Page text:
It’s also worth remembering that a healthy core doesn’t necessarily mean a visible six pack or ‘washboard’ abs. In reality, achieving this sort of sculpted look is simply not practical or sustainable for most people. Such a look requires consistent attention paid to diet as well as a relatively stringent exercise routine. These need to combine in order to keep body fat levels extremely low as well as stomach muscles bulked out. Abdominal muscles only start to become visible when the layers of fat covering them are reduced to a minimum. It is still possible to have strong, healthy abs by using the elliptical regularly and supplementing this with some core-targeting exercises.

The benefits of having a healthy core are numerous. Once again, the elliptical can help improve our general core strength and stability, as well as our balance and posture. All of these things can combine to provide healthier, more fluid function and mobility throughout life, as well as unlocking the potential of other exercises and sports. 

Furthermore, weight loss for those who are significantly overweight is always a worthy goal, not only because you may feel more comfortable, more energised, and happier in your skin, but because of the reduced risk of obesity related diseases such as heart disease, diabetes, and cancer. 

Numerous studies have also shown that belly fat in particular can be problematic, as excessive fat in this area can hinder the healthy functioning of vital organs that are contained within our midriffs. Since belly fat can be reduced as part of a whole body weight loss programme, and since the elliptical offers calorie-burning, aerobic workouts from the comfort of your own home or local gym, the cross trainer is a useful weapon for you to have in your weight loss arsenal. 

Does Cross Trainer Get Rid of Love Handles?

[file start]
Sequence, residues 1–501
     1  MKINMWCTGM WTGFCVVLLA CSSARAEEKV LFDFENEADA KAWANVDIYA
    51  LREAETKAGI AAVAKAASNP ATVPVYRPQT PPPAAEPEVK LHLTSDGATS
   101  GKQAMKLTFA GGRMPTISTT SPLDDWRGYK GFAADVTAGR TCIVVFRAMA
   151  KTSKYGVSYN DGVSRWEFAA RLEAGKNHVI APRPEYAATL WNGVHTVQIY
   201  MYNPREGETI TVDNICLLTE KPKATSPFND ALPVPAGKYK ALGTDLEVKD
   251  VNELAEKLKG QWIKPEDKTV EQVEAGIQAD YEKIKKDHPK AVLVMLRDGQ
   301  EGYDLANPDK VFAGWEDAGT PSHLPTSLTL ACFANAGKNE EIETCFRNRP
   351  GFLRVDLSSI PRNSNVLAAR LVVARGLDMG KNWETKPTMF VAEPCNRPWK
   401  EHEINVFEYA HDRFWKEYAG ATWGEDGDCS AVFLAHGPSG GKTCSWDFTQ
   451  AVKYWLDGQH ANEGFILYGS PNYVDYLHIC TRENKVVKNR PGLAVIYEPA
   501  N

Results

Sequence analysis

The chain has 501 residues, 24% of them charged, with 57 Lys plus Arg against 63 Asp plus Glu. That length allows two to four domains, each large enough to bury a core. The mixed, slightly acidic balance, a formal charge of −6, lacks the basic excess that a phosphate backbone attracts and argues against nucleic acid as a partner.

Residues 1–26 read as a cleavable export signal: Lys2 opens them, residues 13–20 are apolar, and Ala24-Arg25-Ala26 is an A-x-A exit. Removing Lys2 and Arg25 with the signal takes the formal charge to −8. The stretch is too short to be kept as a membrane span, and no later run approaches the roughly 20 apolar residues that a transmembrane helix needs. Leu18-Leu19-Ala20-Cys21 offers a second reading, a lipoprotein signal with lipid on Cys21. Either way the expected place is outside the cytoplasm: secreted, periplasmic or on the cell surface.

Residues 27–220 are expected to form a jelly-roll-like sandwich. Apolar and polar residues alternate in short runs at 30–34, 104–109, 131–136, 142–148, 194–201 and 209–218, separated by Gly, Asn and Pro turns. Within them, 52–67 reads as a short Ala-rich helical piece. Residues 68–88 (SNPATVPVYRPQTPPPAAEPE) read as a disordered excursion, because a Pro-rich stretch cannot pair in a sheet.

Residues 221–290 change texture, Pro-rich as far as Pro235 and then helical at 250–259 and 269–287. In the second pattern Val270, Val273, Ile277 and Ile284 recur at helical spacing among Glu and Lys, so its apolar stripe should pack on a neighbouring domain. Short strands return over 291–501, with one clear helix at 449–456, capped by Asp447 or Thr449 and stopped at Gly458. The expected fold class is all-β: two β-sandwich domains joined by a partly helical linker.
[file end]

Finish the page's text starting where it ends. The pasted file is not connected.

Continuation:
A cruel reality of belly fat is that it often doesn’t limit itself just to the front! Those looking to lose weight from around their middles may also find that they’ve got extra fat on their sides that they wish they could shave off too, fat which can prove just as stubborn as the beer belly poking out ahead! 

As with body fat in general, and as discussed previously, ‘spot reduction’ is not possible with ‘love handles’ or excess weight carried around the sides. Although you may wish to target specific parts of fat in your body, the reality is that our body loses weight from different areas at different rates depending on a range of factors not usually within our control, including our genetics.

Does Crosstrainer reduce love handles?

If you want to get rid of or at least reduce love handles and fat covering up the obliques, you’ll need to commit to an overall weight loss programme involving a caloric-deficit over time. Regular exercise and a healthy diet are the tried and tested methods for this, rather than fad-exercises or products that claim to ‘target’ or ‘shred’ certain areas of fat. 

The cross trainer can aid with a sustainable fitness and weight loss routine, particularly if you ramp up the intensity and resistance of your workouts to ensure you’re raising your metabolic rate as much as possible. This can also lead to metabolic increases in the minutes and hours after you’ve finished on the elliptical which, over time, can result in sustainable weight loss when matched with a sensible, healthy diet.

The obliques are the abdominal muscles that run up the sides of our midriff. Those looking to get rid of love handles or side fat may wish to strengthen and tone their obliques as well, in order to increase overall core strength as well as gain a more sculpted, athletic look.

Remember, real core strength isn’t just about looking a certain way in the mirror! Indeed, the benefits of strong obliques are in the improved functionality and fitness you’ll have overall, rather than any short-lived cosmetic boosts! 

Dedicated core exercises may prove more effective over time at building and strengthening oblique muscles, which can be particularly difficult to target without using certain exercises that engage them specifically.

Nevertheless, the elliptical workouts will work the abdominals and the obliques, helping you to tone or maintain muscle mass without necessarily boosting it noticeably. As part of a muscle maintenance programme or ‘cutting’ phase of bodybuilding, the elliptical can prove to be a helpful tool.

+ posts

An ex-triathlete, fitness coach and writer with a Masters in Sports Physiology. Fitness is my passion and I've had my fair share of home fitness equipment tried and tested!